Over 19,000 people in Indonesia have fled to escape the volcano blazes of Mount Sinabung located in Kebayaken village at Karo district, on the western island of Sumatra. It warned the people when it ejected ash Dec. 4, 2013, then Monday evening it erupted, dangerously hurling blazing rocks and ash 7,000 meters towards the sky. This volcano in Indonesia has been erupting gradually for months, and launched lava repeatedly throughout Monday night – up to nine times – into the daylight of Dec. 31, a public official stated.
Police have warned everyone to stay at least five kilometers away from the crater.
As of Monday evening, 19,126 people fled their homes, and emergency officials are expecting that number to rise as Indonesia’s citizens do whatever possible to avoid the volcano blazes.
The extent of danger is so extreme that police and soldiers are patrolling the area to enforce evacuation of anyone who has remained in their homes.
There are numerous volcanoes like Mount Sinabung which are considered active and potentially dangerous in Indonesia, extending over dominant tectonic fault lines. These lines are called the “Ring of Fire.” Mount Sinabung spewed lava and ash starting in Sept. 2013, and had been quiet for about two years, but once it started erupting, it kept intensifying.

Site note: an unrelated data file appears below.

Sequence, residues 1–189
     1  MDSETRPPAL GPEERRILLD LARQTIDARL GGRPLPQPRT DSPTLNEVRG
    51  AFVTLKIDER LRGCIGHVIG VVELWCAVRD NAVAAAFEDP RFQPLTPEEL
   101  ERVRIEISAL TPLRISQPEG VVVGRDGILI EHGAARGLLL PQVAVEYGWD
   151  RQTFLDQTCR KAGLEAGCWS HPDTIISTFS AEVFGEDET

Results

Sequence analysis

Indonesia has been fraught with other catastrophic volcanoes, such as the one in August. In this instance five deaths and hundreds of people had to flee their homes on the little island of province East Nusa Tenggara when a volcano started to spew dangerous lava and rocks.
In recent years, the most volatile eruption that killed 350 people was Mount Merapi in central Java. It had multiple violent ejections in 2010.
On Dec. 31, the last day of 2013, Indonesia is fleeing the rising danger of Mount Sinabung volcano blazes, an experience that they know too well from previous volcanic eruptions in their country.
By Danelle Cheney